The initiative is part of a larger, five-pronged program conceived by the mayor to generate support for L.A. fashion labels to exhibit at major trade shows, create an online resource guide to local manufacturing, identify export opportunities for fashion brands and promote workforce development.
Funding will come from a variety of sources, according to the mayor's office, but officials declined to detail specifics. What is known is that the hangtag logo program will be the responsibility of the Los Angeles Regional Export Council, a group that relies on both public and private funding.
So far, 19 local designers and manufacturers, including American Apparel, have given a thumbs up to the effort. Marty Bailey, the company's chief manufacturing officer who was standing next to Villaraigosa during Monday's announcement, said American Apparel has long included the words "made in downtown L.A." on its hangtags, and that now, more than ever, consumers are paying attention. But, he cautions, "Made in Los Angeles or made in the USA might be a deciding factor in selling a garment the first time, but it's going to be ... the product itself that's going to sell it the second time."
Clayton and Flavie Webster, who design the fledgling luxury leather line Cerre, with a store and atelier on Melrose Avenue, are also supporting the initiative.
"This is a good manufacturing and production city. Hedi Slimane [of Yves Saint Laurent] is moving his design team right down the street from our store," Clayton said. "This [initiative] will help solidify momentum for producing and designing here. L.A. should be known as a great city to produce a fashion line."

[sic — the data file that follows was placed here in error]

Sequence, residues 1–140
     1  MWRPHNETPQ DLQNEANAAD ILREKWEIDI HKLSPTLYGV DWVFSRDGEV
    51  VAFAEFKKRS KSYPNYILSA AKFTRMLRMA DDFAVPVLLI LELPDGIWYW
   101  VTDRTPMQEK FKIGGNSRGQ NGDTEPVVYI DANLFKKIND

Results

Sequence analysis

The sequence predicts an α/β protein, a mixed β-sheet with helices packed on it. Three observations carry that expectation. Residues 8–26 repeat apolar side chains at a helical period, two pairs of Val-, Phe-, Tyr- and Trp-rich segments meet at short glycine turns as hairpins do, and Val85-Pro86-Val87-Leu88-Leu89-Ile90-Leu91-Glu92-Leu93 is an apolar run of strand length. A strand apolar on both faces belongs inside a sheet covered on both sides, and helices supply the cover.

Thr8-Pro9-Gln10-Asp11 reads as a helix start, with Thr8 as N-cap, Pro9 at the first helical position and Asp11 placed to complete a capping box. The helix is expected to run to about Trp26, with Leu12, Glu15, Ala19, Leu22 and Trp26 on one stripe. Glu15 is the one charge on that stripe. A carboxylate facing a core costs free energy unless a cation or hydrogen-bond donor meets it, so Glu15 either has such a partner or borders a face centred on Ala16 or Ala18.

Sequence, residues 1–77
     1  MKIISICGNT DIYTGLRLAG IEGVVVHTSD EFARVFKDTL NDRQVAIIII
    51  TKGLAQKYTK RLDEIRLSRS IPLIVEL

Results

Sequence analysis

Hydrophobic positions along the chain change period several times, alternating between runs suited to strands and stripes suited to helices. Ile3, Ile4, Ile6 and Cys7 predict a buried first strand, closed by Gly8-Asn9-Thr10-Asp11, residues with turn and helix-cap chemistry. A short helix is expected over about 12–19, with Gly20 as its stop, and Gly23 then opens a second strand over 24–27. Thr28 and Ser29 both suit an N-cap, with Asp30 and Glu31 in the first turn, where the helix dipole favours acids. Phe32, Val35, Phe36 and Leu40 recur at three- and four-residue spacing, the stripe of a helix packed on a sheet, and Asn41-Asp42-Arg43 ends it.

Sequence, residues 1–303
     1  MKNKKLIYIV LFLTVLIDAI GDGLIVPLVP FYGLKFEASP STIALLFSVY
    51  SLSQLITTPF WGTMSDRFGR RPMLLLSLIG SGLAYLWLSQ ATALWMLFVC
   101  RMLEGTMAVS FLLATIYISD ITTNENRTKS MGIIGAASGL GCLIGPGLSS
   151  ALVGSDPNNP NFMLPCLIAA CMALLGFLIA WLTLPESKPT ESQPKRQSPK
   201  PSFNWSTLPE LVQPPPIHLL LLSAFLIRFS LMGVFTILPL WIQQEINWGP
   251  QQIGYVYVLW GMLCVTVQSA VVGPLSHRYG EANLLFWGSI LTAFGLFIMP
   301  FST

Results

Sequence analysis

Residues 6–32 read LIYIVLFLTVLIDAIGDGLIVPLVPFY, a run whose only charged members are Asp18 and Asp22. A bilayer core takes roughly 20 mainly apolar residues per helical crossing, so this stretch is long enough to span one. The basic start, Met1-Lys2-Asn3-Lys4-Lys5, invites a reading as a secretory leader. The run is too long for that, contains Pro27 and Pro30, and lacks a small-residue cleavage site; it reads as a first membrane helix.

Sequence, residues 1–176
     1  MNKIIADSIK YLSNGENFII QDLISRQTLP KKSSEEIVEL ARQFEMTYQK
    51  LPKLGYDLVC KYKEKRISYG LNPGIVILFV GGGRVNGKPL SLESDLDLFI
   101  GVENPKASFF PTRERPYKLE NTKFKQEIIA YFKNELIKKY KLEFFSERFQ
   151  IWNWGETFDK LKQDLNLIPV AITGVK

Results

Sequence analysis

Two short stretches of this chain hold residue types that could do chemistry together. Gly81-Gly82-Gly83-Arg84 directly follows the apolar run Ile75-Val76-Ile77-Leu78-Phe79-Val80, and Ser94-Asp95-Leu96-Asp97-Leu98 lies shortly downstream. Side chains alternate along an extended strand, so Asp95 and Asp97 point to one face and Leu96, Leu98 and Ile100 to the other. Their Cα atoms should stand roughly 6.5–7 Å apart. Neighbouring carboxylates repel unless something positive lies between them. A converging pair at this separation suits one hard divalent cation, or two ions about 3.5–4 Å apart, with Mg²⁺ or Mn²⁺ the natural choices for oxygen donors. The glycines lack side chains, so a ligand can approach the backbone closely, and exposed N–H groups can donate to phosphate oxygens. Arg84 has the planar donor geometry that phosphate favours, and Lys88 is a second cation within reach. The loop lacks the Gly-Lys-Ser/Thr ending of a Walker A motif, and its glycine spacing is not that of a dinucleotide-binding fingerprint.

And promoting the fact that something is made here can affect the bottom line, he said.
"We do get customers who say, 'I was looking at a jacket at Barneys, but I realized it was $3,000 and made in China.' There is a conscious customer, especially in the luxury market, who cares about where things are made. Made in L.A., New York or made in the USA is a stamp of approval that you are not abusing anyone and that there is fairness in the costing."
But others aren't so sure what the logo will mean.
"I will look into it," said Rozae Nichols, who designs and manufactures 100% of her Clover Canyon line in Los Angeles and has been a big proponent of manufacturing locally in the nearly two decades she has been in the apparel business here. "I'm all for raising awareness for the community.... But I don't know what all the mayor's intentions are. I'm sure he's as concerned as anyone about fair labor policies. But 'Made in L.A.' is not a magic bullet that signifies everything is OK just because it's made here. Just like 'Made in China' isn't necessarily always a bad thing."